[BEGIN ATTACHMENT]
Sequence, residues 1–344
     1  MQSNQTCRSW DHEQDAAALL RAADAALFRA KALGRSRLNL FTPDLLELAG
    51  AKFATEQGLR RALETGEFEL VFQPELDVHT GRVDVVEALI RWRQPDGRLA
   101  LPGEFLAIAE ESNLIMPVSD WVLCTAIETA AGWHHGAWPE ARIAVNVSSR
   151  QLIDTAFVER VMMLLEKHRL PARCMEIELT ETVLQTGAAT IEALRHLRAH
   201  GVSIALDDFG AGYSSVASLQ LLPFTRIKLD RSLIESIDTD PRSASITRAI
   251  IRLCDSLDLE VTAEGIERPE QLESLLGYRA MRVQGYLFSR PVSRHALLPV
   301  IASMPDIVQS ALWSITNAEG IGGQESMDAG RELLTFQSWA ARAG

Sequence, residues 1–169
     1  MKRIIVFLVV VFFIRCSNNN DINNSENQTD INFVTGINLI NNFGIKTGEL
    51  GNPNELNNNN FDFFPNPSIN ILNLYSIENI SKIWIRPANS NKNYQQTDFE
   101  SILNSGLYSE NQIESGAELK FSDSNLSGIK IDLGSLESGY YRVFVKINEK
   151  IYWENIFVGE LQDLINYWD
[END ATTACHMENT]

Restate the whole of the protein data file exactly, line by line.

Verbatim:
Sequence, residues 1–344
     1  MQSNQTCRSW DHEQDAAALL RAADAALFRA KALGRSRLNL FTPDLLELAG
    51  AKFATEQGLR RALETGEFEL VFQPELDVHT GRVDVVEALI RWRQPDGRLA
   101  LPGEFLAIAE ESNLIMPVSD WVLCTAIETA AGWHHGAWPE ARIAVNVSSR
   151  QLIDTAFVER VMMLLEKHRL PARCMEIELT ETVLQTGAAT IEALRHLRAH
   201  GVSIALDDFG AGYSSVASLQ LLPFTRIKLD RSLIESIDTD PRSASITRAI
   251  IRLCDSLDLE VTAEGIERPE QLESLLGYRA MRVQGYLFSR PVSRHALLPV
   301  IASMPDIVQS ALWSITNAEG IGGQESMDAG RELLTFQSWA ARAG

Sequence, residues 1–169
     1  MKRIIVFLVV VFFIRCSNNN DINNSENQTD INFVTGINLI NNFGIKTGEL
    51  GNPNELNNNN FDFFPNPSIN ILNLYSIENI SKIWIRPANS NKNYQQTDFE
   101  SILNSGLYSE NQIESGAELK FSDSNLSGIK IDLGSLESGY YRVFVKINEK
   151  IYWENIFVGE LQDLINYWD